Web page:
Six-year-old Rugby cancer survivor urges residents to donate clothes and save lives - The Rugby Observer

Six-year-old Rugby cancer survivor urges residents to donate clothes and save lives

Rugby Editorial 9th Sep, 2020 Updated: 9th Sep, 2020   0

A SIX-year-old Rugby schoolgirl who had to learn to walk again after cancer treatment is urging people across the region to clear out their wardrobes to help save more lives like hers.

Holly Hughes from Cawston has been chosen to launch TK Maxx’s Give Up Clothes for Good campaign, in support of Cancer Research UK for Children and Young People.

To mark Childhood Cancer Awareness Month in September, Holly and her family are donating second-hand clothing, accessories and homeware they no longer need to their nearest TK Maxx store – and Holly is calling on other families to do the same.

Holly is one of 160 youngsters in the West Midlands and Warwickshire region who are diagnosed with cancer every year – and her family know how important research is in helping to save lives.

Mum Christina Cairns said: “We’re so thankful every day that treatment worked for Holly. It’s scary to think that without research and developing new treatments she wouldn’t be here now.

“Our world came crashing down when Holly was diagnosed but, thanks to advances in treatment, she was given a 95 per cent chance of survival. That’s amazing when you think that hardly any children survived her type of cancer in the 70s.

“But we know from meeting other families that she’s one of the lucky ones. That’s why raising money for Cancer Research UK for Children and Young People is so important – especially as the coronavirus pandemic has hit charities so hard.

“We hope everyone who reads this will get behind this vitally important campaign and turn something they no longer need into funds for such a fantastic cause.”

Holly was diagnosed with Acute Lymphoblastic Leukaemia just days before her second birthday in 2016. She hadn’t been poorly but when her mum noticed bruising on her legs followed by a pin-prick rash, she worried her little girl might have meningitis.

“I did the glass test and rang 111,” said Christina, who is engaged to Holly’s dad Chris Hughes. “We were told to take her to hospital where she had tests for a suspected blood disorder. I had no idea it might be cancer.”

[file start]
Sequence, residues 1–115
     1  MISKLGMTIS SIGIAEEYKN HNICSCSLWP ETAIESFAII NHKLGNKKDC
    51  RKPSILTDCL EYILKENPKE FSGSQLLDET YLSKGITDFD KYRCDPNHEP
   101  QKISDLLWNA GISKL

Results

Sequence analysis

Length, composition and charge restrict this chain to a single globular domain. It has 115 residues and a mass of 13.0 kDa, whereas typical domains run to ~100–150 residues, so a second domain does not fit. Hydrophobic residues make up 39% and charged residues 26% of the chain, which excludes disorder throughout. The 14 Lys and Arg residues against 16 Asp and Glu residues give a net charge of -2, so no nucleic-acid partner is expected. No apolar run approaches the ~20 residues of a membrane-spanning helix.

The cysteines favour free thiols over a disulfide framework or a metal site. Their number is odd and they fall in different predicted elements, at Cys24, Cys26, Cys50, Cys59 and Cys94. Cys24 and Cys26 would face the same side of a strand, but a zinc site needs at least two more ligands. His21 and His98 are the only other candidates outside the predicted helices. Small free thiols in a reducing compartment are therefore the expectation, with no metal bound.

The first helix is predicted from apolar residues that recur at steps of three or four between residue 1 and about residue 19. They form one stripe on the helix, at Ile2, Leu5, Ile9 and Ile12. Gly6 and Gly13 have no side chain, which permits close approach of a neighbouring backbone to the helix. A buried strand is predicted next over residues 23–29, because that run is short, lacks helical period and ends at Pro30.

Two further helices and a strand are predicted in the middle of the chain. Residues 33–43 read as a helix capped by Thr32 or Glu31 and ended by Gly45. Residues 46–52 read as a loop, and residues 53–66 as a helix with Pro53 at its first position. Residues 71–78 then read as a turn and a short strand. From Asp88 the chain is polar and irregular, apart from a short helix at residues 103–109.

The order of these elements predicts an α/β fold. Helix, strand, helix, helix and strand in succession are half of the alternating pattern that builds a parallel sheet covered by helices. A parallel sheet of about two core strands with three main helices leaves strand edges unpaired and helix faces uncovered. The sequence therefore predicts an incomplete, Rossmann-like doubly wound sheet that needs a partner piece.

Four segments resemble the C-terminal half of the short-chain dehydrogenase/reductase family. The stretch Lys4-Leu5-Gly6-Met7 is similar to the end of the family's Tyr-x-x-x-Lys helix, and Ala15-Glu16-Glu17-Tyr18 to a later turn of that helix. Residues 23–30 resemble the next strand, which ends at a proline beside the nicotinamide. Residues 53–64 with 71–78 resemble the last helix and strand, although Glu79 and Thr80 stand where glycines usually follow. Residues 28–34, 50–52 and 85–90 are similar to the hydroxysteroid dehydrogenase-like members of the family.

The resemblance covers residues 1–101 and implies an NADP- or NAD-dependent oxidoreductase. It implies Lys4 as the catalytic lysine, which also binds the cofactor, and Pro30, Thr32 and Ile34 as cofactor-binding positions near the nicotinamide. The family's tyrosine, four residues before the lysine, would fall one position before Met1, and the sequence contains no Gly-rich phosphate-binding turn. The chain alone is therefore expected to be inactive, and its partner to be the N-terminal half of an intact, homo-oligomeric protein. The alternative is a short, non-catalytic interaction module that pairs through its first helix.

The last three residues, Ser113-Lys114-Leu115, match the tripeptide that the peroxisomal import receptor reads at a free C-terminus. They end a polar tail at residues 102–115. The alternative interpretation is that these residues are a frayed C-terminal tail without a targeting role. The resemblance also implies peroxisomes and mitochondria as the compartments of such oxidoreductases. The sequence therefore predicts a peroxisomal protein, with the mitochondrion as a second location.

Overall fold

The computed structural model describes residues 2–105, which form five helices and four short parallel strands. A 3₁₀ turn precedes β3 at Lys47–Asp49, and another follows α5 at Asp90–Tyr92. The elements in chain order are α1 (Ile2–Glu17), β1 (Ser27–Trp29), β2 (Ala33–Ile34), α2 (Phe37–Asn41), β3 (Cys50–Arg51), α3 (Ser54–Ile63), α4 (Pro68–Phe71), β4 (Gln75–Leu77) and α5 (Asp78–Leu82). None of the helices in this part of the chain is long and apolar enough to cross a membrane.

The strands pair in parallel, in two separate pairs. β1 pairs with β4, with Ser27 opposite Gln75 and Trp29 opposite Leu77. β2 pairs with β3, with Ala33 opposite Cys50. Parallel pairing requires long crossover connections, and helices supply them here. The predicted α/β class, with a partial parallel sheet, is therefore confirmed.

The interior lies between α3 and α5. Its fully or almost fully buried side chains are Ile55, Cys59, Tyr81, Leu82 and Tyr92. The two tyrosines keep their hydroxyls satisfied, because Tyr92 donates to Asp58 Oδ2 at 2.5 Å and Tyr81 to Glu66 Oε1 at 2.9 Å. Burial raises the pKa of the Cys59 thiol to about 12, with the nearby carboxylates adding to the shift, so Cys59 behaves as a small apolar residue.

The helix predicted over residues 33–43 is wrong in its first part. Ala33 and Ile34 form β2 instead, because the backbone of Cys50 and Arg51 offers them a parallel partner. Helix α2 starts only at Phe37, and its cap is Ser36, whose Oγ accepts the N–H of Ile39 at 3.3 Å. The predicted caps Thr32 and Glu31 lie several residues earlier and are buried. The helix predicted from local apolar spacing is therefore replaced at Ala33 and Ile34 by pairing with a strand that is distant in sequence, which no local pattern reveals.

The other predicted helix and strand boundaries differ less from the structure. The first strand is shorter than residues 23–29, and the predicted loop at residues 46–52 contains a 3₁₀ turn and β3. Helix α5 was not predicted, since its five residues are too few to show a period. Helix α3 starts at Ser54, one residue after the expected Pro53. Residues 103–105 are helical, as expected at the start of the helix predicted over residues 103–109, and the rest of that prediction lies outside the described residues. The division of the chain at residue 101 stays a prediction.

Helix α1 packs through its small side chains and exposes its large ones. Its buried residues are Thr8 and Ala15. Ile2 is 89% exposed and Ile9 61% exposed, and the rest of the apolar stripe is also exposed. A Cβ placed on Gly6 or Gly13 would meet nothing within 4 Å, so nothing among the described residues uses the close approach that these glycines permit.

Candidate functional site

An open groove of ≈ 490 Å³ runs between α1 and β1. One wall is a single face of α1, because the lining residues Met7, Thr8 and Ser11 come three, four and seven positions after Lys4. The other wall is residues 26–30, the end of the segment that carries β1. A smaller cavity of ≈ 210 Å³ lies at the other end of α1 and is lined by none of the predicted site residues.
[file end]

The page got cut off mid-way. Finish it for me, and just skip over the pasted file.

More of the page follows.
Holly underwent daily chemotherapy treatment for two years, initially losing the use of her legs.

“The first four weeks were the worst,” said Christine, who runs Hughes Plumbing and Heating with Chris. “Due to the chemotherapy side effects she stopped walking and then she couldn’t move her legs at all.

“Thankfully she responded well to treatment and started to crawl and walk again with the help of physiotherapy. Remarkably, tests have shown there’s no lasting damage.”

Now the proud big sister of brother Harry, two, and two-month-old baby sister Summer, Holly can hardly remember her traumatic experience.

But she can remember just enough to know that she wants to help other children like her.

She said: “I hope people will donate their clothes because it’s a lovely thing to do to help other children get better like I did.”

Although Cancer Research UK’s work is helping more children survive cancer than ever before, the disease still claims the lives of around 510 under-25s in the UK every year.

Paula Young, Warwickshire spokesperson for Cancer Research UK for Children and Young People, said each bag of items donated could raise up to £25 when sold in Cancer Research UK shops.

She said: “We’re incredibly grateful to Holly and her family for their support during these unprecedented times. The truth is COVID-19 has slowed us down, but we will never stop.

“Cancer in children and young people is different to cancer in adults – from the types of cancer, to the impact of treatment and the long-term side effects survivors often experience. That’s why it needs different, dedicated research which campaigns like Give Up Clothes for Good help to fund.

“We want to help more children and young people survive cancer with a good quality of life. So, we hope as many people as possible will help to get our life-saving research back on track by donating any quality clothes or goods at their local TK Maxx store.”

Jo Murphy, Assistant Vice President of Corporate Responsibility at TK Maxx, said: “We’re making every effort to ensure that people can donate safely, so we can keep transforming their pre-loved items into vital funds.

“We hope the local community will show their support, because their donations really could help to save lives.”

People can donate at any TK Maxx store all year round, including Holly’s nearest store at Elliot’s Field Retail Park in Rugby.

Supporters can also help raise funds by wearing a gold ribbon badge – the awareness symbol of Childhood Cancer Awareness Month – available from TK Maxx and Cancer Research UK stores throughout September.

Visit for more information.

See above to watch a video about Holly’s journey.

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